To further enable the maturity of the processes, technology can be used to automate process flows. Automation will eliminate user error, causing an increase in consistency and standardization. Furthermore, technology can be used to enhance the collaboration and transparency of these processes through the use of dashboards.

Implement technology to harness operational efficiency

With the abundance of information and data flowing through organizations today, the use of tools and technology can help in its analysis, providing meaningful information to assist in decision-making.

Yet tools and technologies alone can never be sufficient. Too often, project and program managers place emphasis on technology, believing that reports and charts will rescue a failing project. The right processes and people are needed to enable these tools. Many organizations have found themselves in the situation of having invested millions of dollars in a tool that is underutilized because of failings in change management, poor integration within the program’s processes or a lack of expertise and skills among team members.

Effective program management needs collaboration and communication.

With the right training, processes and people, these tools could enable organizations to benefit from rapid and effective decision-making, as well as provide the confidence that the desired business outcomes will be achieved. The right technology should provide insightful analytics, transparent communication, seamless collaboration, meaningful reporting and timely information.

The ingredients for success

  • Defined end goal: organizations should have their end goal defined and in mind before undertaking major complex program management and solutions. With program management solutions, one size does not fit all. Depending on what is needed, the solution may differ.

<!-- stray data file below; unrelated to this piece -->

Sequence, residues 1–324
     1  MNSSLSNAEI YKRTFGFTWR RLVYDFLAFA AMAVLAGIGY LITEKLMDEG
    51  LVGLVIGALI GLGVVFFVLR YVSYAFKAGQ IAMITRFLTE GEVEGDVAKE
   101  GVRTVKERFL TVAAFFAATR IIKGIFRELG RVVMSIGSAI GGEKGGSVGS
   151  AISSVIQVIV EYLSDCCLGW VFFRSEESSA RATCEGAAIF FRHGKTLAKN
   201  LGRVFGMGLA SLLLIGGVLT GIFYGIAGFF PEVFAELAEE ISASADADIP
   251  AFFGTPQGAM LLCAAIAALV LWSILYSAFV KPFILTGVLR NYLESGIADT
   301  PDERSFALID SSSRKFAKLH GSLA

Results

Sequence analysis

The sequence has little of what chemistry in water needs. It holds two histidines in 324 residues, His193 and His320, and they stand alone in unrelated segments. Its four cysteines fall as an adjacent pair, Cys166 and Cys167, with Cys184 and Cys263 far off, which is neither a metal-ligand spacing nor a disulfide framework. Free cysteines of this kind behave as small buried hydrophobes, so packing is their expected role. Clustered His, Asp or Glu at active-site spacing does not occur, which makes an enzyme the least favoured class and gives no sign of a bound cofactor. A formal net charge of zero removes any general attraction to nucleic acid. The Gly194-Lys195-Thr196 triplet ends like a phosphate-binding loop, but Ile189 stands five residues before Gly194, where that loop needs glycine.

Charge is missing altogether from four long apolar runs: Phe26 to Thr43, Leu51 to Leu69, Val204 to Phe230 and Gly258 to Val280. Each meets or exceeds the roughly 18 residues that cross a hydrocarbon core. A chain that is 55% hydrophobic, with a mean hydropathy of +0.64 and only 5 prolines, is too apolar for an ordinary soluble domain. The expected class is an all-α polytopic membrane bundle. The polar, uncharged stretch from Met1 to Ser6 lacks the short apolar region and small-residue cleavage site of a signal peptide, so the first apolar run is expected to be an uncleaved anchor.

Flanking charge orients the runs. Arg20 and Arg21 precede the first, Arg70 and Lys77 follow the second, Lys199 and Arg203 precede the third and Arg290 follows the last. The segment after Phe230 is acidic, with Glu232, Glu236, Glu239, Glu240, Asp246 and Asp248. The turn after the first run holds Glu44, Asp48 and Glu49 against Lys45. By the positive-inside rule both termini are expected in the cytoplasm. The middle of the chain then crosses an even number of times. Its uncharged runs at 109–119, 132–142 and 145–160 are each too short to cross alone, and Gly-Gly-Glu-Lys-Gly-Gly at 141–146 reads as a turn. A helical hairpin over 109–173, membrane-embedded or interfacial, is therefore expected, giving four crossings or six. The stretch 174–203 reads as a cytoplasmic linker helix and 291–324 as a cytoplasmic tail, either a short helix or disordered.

• Simple solutions: organizations should avoid over-engineered program management solutions that are difficult to adopt.
  • Effective change control management: this goes hand in hand with any program management solution adoption. Businesses should focus on maturing the process, technology and their people’s skill level, over time, to match the landscape of the organization.
  • Cognizance of constraints: organizations should be fully aware and mindful of the various constraints that might exist before adopting a program management solution. These could range from resource or financial constraints to a lack of program management maturity in the organization.

Key take aways

  • A holistic approach to program management requires the balance of governance, process and technology.
  • A sound governance structure identifies decision-making paths that enable effective management of the program.
  • Efficient processes not only facilitate standard execution, but also mature as the capabilities of the program evolve.

Technology requires the coupling of knowledgeable people and streamlined processes to gain meaningful use.

  • Footnotes

    1. D. Haughey, “A brief history of project management,” Project Smart, 2010, https://www.projectsmart.co.uk/ brief-history-of-project-management.php, accessed March 2016.
    2. EY survey of major capital construction projects of Fortune 500 companies, a US Government survey and The Gartner Group survey.
    3. B. Tabrizi, “75% of cross-functional teams are dysfunctional,” Harvard Business Review, 2015, https://hbr.org/2015/06/75-of-cross-functional-teams-are-dysfunctional, accessed March 2016.

Summary

When program management works, the benefits can be tangible and measurable. Yet, so often, the expected efficiency gains fall significantly short of the mark. The obstacles to effective program management recur all too often, and this is compounded by the effects of advancing technologies that lead to increasing numbers of complex and expensive projects. A holistic approach to program management can mitigate the usual pitfalls and improve the likelihood of success.

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By

EY Global

Multidisciplinary professional services organization

Related topics Advisory Tax transparency